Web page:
Oil rich nations in the Middle East will be forced to use their accumulated savings in order to keep their economic activity and living standards intact, given the continued decline in oil prices, according to the International Monetary Fund (IMF).
Oil exporters in the Middle East and North Africa (MENA) region are now facing large export and government revenue losses due to the plunge in oil prices, declining by about 60% since June 2014.
The IMF estimates that oil and gas export losses in the countries of the Gulf Cooperation Council (GCC) alone will amount to around $300bn in 2015.
"All oil exporters in the region, with the exception of Kuwait, will now have to dip into their accumulated savings or borrow to finance deficits in their government budgets for this year," said Masood Ahmed, director of the Middle East and Central Asia department at the IMF.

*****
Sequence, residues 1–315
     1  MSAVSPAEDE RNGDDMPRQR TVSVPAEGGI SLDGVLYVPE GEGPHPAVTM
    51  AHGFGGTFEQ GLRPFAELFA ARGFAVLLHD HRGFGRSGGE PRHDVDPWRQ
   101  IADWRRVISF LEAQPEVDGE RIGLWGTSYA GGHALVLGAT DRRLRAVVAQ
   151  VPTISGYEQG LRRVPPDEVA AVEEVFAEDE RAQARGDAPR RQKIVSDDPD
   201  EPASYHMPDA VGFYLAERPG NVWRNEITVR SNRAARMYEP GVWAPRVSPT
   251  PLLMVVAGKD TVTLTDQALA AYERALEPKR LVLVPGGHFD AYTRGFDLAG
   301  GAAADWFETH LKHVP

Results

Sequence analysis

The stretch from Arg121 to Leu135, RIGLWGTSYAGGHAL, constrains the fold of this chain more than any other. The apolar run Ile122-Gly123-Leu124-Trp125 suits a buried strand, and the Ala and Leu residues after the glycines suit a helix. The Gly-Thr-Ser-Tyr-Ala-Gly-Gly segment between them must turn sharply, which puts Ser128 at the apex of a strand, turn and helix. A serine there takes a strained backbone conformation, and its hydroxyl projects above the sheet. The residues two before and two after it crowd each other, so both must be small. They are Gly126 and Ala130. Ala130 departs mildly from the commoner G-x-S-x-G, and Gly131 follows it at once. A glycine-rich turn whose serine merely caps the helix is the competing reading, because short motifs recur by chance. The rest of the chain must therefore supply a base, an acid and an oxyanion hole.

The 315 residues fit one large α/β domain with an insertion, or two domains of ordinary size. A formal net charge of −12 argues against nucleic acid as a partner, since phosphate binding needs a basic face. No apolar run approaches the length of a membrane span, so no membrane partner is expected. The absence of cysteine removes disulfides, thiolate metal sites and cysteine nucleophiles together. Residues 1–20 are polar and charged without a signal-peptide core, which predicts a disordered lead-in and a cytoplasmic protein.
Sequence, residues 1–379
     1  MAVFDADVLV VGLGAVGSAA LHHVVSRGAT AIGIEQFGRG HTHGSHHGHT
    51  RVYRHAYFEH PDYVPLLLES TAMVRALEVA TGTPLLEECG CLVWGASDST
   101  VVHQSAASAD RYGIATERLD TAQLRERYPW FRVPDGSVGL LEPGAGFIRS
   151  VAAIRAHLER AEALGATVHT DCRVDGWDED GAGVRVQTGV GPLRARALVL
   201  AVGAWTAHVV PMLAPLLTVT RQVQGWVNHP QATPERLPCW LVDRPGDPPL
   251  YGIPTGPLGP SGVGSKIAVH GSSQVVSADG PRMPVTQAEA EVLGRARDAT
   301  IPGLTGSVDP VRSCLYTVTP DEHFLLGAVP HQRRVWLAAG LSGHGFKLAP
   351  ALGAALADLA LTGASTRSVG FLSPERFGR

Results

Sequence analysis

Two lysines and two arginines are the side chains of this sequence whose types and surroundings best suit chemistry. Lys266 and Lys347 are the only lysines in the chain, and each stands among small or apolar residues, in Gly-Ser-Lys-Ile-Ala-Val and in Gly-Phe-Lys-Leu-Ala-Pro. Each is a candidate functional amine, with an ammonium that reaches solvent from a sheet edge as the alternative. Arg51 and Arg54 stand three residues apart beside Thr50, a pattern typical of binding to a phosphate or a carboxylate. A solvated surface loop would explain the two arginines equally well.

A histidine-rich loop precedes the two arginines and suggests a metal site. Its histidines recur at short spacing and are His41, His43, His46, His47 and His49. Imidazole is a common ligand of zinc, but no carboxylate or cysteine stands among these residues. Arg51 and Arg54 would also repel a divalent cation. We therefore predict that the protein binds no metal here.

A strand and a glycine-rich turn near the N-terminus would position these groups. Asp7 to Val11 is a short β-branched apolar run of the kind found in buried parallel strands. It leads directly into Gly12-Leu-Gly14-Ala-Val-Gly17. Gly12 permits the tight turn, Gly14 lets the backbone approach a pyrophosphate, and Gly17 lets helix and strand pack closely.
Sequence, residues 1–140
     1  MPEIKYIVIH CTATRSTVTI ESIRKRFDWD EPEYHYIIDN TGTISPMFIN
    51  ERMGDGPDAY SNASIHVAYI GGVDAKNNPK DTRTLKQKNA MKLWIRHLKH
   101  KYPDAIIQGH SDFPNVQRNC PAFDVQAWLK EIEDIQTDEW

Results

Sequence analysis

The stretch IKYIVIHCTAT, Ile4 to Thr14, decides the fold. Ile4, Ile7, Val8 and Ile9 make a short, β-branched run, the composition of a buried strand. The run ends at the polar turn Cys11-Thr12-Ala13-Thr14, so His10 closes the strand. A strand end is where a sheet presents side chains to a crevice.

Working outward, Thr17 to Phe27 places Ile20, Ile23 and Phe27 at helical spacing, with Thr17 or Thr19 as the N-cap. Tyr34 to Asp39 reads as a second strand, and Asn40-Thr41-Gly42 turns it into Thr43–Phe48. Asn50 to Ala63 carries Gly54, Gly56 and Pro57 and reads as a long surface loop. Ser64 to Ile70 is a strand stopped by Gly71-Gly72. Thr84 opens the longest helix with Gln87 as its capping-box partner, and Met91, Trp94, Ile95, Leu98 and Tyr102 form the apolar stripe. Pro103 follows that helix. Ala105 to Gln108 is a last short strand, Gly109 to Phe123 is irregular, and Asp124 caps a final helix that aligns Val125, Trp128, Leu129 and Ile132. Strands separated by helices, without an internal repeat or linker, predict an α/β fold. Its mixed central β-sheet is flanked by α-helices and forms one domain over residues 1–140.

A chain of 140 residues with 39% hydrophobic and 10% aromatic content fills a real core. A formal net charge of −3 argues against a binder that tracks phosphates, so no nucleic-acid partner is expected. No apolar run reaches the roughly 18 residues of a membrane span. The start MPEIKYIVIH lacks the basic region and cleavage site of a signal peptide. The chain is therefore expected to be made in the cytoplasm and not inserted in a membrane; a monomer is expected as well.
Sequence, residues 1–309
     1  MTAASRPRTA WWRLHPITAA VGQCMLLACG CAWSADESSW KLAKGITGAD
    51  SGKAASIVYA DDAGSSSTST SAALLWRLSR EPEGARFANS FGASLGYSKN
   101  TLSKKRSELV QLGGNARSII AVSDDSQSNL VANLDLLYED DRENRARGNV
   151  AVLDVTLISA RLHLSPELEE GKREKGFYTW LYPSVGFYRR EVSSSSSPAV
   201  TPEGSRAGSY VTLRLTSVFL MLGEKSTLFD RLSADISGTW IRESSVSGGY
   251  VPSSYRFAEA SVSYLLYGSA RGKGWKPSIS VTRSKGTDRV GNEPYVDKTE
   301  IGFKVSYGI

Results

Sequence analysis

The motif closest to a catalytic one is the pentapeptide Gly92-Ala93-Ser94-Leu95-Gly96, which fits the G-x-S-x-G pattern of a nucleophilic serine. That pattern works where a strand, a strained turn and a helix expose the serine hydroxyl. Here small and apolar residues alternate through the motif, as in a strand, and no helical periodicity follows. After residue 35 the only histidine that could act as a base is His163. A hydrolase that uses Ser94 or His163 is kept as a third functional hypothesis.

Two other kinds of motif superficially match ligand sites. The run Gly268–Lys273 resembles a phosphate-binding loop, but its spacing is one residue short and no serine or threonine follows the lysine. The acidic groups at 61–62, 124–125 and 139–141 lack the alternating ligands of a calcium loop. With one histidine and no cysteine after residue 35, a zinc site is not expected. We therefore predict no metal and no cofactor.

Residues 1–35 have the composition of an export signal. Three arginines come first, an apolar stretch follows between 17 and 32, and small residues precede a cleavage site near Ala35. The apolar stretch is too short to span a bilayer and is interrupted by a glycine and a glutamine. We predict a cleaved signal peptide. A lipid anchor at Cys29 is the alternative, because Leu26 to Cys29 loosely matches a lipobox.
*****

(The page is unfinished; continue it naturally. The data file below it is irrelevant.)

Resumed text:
"Fortunately, most oil exporter governments have the resources to avoid a steep reduction in their spending plans for this year, and it is likely that they will choose to do so, thus limiting the immediate impact on growth and living standards for their populations."
"Since many of these countries have built up their buffers, the financial assets, to use during a rainy day, this is the time to use those assets and not to react in a knee jerk way by disrupting economic activity and cutting back their spending too dramatically," he said at a press conference, responding to a question.
However, if oil prices remain low and if the countries are not changing policies, most of them will empty their foreign asset buffers within a few years, he noted.
"Therefore, the time is right for these countries to re-assess their medium-term spending plans and target a gradual but decisive adjustment to lower oil prices."
Ahmed added that preference should be given to reining in recurrent expenditures and reducing energy subsidies, which remain large in many countries even with the new lower oil prices.
The IMF expects oil exporters in the Middle East and North Africa to post a growth rate of about 3% in 2015, up from 2.7% in 2014.